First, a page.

On the job
Many of Durke’s classmates headed for the oil rigs of the Gulf of Mexico. They went through a lengthy apprenticeship program above water; Durke started diving right away.
He signed up with the Underwater Construction Co. office in Baroda, near St. Joseph on Lake Michigan. The company is based in Connecticut and takes on jobs around the globe.
Durke’s first assignment was at the General Electric power plant near Ludington. A couple of miles of fencing is installed underwater to keep fish and debris out of a large water intake tube. There’s plenty of maintenance work needed on the netting and Durke began spending 10-hour days in about 50 feet of water.
The visibility was fantastic with the sandy-bottomed Lake Michigan, and an overhead barge provided warm water to flood the wet suit and take away the chill.
On his last day there, he learned that his assignment would take him to the Perry Nuclear Plant near Cleveland. The first step was to fill out about two inches of paperwork for security clearance.
Then began the long, tedious job of changing sensors in the pool where spent fuel rods are hung to cool. They glow a purplish-blue when they’re still “hot.”
One day the edge of some severed conduit caught on his head gear. Durke thought he felt some moisture but figured it was sweat. When he pulled down on his helmet housing, the tear widened and he was flooded with water.
He was pulled to the surface and whisked out of his suit. He was cleaned, tested two days in a row, and found to have very minor contamination.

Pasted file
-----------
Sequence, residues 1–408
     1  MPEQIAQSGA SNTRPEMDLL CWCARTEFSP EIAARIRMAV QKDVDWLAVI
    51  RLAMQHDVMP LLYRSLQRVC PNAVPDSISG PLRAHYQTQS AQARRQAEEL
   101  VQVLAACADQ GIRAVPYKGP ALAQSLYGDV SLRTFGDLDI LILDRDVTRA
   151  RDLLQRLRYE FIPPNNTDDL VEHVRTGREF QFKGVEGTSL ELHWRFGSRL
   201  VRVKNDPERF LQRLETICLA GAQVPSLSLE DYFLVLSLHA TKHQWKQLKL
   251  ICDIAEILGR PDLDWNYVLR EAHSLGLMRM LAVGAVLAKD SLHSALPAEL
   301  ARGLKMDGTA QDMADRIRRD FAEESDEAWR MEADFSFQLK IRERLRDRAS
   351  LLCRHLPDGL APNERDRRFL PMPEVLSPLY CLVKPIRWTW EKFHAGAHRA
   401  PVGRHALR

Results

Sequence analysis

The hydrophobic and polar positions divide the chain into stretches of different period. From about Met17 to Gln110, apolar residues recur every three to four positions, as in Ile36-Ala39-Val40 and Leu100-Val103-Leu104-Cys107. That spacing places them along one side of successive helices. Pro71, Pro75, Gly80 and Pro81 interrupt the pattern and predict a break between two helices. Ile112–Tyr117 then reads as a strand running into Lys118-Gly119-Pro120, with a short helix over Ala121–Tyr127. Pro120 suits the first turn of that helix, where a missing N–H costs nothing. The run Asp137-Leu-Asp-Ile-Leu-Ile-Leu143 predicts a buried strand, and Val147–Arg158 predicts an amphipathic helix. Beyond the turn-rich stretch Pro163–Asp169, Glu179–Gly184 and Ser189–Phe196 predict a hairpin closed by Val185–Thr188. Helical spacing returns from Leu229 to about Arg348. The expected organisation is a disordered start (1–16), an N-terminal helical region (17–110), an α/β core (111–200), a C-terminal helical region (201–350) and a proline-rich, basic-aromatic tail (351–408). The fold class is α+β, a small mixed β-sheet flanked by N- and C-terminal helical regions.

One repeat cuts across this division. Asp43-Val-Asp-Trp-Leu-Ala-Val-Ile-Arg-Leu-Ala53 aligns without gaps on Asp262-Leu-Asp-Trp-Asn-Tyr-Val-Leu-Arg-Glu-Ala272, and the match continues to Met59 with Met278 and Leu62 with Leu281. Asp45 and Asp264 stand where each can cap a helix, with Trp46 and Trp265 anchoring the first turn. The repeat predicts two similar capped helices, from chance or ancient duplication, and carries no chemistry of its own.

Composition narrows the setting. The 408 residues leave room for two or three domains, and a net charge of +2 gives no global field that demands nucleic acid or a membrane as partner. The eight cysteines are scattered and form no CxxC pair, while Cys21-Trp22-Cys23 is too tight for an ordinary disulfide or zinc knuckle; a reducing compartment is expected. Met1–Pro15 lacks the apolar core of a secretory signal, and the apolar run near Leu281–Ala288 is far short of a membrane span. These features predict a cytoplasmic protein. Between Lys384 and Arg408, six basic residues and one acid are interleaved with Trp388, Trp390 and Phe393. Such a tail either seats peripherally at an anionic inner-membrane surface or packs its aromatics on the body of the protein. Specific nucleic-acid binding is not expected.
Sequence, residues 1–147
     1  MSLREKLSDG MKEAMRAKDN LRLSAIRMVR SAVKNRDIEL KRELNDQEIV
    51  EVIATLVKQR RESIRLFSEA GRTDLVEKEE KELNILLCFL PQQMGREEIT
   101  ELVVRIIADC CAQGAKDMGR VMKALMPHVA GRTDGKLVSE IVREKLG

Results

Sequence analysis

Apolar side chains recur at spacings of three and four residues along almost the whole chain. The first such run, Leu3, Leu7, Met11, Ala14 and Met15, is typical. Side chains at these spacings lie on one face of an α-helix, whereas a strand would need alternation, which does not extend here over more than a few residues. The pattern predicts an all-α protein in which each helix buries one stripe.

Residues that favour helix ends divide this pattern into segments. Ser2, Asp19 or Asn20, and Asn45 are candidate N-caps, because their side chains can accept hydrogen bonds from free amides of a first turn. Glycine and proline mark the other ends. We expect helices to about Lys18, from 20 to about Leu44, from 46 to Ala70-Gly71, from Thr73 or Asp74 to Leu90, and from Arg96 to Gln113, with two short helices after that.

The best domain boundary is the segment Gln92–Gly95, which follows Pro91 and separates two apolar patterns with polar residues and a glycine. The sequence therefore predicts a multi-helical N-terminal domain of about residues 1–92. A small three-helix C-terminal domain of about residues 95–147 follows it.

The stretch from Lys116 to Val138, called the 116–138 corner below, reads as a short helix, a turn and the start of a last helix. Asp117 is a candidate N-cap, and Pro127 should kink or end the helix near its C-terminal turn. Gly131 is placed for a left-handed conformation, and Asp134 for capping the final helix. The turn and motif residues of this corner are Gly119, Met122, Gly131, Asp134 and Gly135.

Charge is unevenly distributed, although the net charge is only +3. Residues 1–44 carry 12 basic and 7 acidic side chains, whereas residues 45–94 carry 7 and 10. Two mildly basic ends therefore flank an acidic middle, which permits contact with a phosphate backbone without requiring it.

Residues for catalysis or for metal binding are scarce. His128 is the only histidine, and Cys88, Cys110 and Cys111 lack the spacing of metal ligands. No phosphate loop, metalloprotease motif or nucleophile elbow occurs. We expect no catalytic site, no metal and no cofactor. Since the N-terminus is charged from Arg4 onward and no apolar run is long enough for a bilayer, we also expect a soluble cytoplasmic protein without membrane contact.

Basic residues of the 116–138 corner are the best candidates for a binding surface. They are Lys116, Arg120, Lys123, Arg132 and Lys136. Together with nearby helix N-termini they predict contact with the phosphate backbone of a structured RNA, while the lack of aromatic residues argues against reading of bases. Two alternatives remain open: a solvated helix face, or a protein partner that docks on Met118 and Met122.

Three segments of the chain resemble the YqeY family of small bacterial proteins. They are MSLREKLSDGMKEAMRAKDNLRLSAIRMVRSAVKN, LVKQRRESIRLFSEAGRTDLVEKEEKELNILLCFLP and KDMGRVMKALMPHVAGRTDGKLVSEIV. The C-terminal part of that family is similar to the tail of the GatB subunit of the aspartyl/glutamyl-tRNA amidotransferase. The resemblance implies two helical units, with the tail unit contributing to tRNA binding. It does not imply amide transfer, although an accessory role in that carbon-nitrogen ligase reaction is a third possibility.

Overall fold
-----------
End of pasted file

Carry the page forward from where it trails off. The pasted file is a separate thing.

“The water is really clean,” he said. “It isn’t radioactive, but there are particles in the water that get stirred up from the bottom.
“It freaked me out at first, but it was such a low level of detection, they had to do a total body count to find something.”
Things don’t always go as planned, Durke says, but that’s what makes the job interesting.
“It might seem like the same routine, but it’s not. It’s a learning experience every day.”
The incident didn’t sour him on the Perry job. Now his crew has moved on to another pool where the reactor is located. After that comes the suppression pool, and each location offers a new experience.
New experience—that’s what Durke is after. He would love to tackle a salvage job and there’s always work on the many hydroelectric plants across the country. For a real thrill, there’s the penetration dive in which a diver snakes through a pipe to inspect the welds. That dangerous job pays by the foot.
Durke thinks he might have to go off-shore sometime to give the oil rig environment a try.
His friends tell him he’s crazy to spend his life this way, but so far he’s enjoying everything about it.
“You’ve got to have a passion for this job,” he says, “and I hope I don’t lose it. I want it to stay interesting to keep my drive alive.”
He’s come a long way from the fins and goggles that his mother bought him as a kid, but he still has a long way to go.– Nov. 13, 2002